The S&P 500 benefits from the same design and profitability criteria as the S&P 600, but has one key drawback, which is a heavy concentration in the world’s largest companies. Small-cap companies have historically outperformed large-cap companies, and this outperformance has been more pronounced when starting your tests from periods when index concentration was particularly high, like the early 2000s.
Index concentration was something I thought about a lot in the earlier days of the pandemic. I felt like the S&P 500 had been usurped by companies like Moderna (MRNA) and Tesla (TSLA) that were added to the index after massive price surges, only to fall back to earth. I also felt that valuations had become rather stretched in mega-cap stocks that were sponges for excess liquidity in the system, whereas smaller stocks tended to trade closer to their fundamental value.
Now that stocks are off 20% from their crazy bull market highs, index concentration is not as severe. But a large valuation gap still persists between smaller stocks and mega caps that you likely would want to hedge against.
Historically large-cap stocks trade for a lower valuation than small caps most of the time, with the exception of the 1990s tech bubble and the “everything bubble” that started in 2019.
The last time the S&P 500 traded for a big premium to small and mid-caps in 2000, this is what happened.
Small and mid-caps crushed the S&P 500 in the aftermath of the tech bubble as sky-high valuations for mega-cap stocks fell to earth for years. For a deeper dive, take a look in Portfolio Visualizer. Tactically, I think even if you’re a bull, you should try to get away from tech stocks and popular large-cap names trading for 25-30x plus earnings and to small-caps trading for 15x or less.
Better: The S&P 400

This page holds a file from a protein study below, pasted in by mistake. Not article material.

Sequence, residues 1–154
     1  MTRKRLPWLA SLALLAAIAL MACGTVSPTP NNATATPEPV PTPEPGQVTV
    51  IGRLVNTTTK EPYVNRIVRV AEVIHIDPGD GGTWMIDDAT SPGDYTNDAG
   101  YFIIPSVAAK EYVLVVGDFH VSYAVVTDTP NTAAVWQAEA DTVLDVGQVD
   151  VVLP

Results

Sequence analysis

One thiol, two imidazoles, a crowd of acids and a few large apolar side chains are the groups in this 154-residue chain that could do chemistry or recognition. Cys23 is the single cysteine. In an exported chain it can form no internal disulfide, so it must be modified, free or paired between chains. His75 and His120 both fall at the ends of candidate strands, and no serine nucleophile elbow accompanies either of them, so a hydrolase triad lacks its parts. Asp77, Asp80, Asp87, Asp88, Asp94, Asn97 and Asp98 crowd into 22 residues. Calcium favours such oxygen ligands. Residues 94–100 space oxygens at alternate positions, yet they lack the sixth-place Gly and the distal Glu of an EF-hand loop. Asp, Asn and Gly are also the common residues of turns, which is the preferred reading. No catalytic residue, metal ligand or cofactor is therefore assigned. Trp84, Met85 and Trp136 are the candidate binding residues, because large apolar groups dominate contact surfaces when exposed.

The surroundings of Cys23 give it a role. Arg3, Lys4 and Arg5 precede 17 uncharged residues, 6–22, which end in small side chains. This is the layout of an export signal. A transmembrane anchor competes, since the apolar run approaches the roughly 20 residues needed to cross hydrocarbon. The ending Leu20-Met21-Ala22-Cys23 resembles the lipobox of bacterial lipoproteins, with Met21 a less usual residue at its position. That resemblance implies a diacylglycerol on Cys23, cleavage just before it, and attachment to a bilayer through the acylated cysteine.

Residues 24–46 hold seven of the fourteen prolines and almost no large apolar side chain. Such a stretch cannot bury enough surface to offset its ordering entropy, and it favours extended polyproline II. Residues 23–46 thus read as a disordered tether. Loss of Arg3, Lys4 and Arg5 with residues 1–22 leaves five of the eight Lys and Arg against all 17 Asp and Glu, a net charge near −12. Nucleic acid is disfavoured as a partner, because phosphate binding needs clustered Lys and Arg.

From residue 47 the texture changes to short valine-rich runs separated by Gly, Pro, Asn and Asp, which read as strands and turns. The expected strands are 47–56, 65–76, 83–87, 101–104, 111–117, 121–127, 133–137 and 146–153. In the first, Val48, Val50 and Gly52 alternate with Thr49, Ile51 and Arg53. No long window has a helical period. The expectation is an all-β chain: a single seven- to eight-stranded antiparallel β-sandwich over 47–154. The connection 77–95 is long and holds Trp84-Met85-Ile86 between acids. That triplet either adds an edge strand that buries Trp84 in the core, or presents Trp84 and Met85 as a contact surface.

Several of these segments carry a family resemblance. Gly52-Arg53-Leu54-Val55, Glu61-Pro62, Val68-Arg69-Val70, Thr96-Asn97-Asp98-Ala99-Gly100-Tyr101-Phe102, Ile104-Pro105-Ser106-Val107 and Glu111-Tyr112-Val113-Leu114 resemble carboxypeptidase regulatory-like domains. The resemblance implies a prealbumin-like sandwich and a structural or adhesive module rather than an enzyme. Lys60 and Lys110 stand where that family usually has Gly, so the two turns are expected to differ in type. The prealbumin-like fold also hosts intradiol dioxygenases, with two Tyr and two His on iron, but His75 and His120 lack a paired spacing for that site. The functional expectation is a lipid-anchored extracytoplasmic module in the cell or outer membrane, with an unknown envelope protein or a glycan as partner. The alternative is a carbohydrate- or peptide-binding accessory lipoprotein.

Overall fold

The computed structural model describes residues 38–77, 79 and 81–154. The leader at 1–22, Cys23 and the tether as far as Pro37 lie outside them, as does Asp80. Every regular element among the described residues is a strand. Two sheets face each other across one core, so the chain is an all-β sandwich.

The S&P 400 is a great alternative to the S&P 500 because the companies are smaller, but still large enough to benefit from the economies of scale and cheaper financing that seem to have increased profitability for Corporate America in the past decade. The easiest way to invest in the S&P 400 is the iShares Mid-Cap Fund–ticker IJH.
Investing in the S&P 400 allows you to put the S&P 500 inclusion trade in reverse and benefit when companies are promoted to the S&P 500. Some companies get included in the large-cap index because they finally turned profitable, but most get promoted because they’ve grown and their businesses have done well. When this happens, your holdings will be moved to the S&P 500, but you’ll get a higher price for them than you would in a vacuum due to the sheer gravity of S&P 500 AUM pulling prices up. If you’re worried that passive investing may be going too far, IJH is a great way to not only protect yourself from it but possibly even benefit as well.
To this point, IJH and IJR are much closer to pre-pandemic prices than the S&P 500 is. From virtually every angle, the fundamentals simply look better when you look under the hood.
Investors who are bullish on US equities are likely better off swapping out funds that track the Russell 2000 for funds that track the S&P 600-ticker IJR. Additionally, swapping some S&P 500 holdings for the S&P 400-ticker IJH allows you to sidestep high valuations in the main index while preserving similar upside from economic growth. I’m personally not bullish on US equities this year, but if I were, this is where I would concentrate my exposure. In any case, there should be a substantial long-term advantage from tilting to small caps and quality and away from mega-cap names for investors.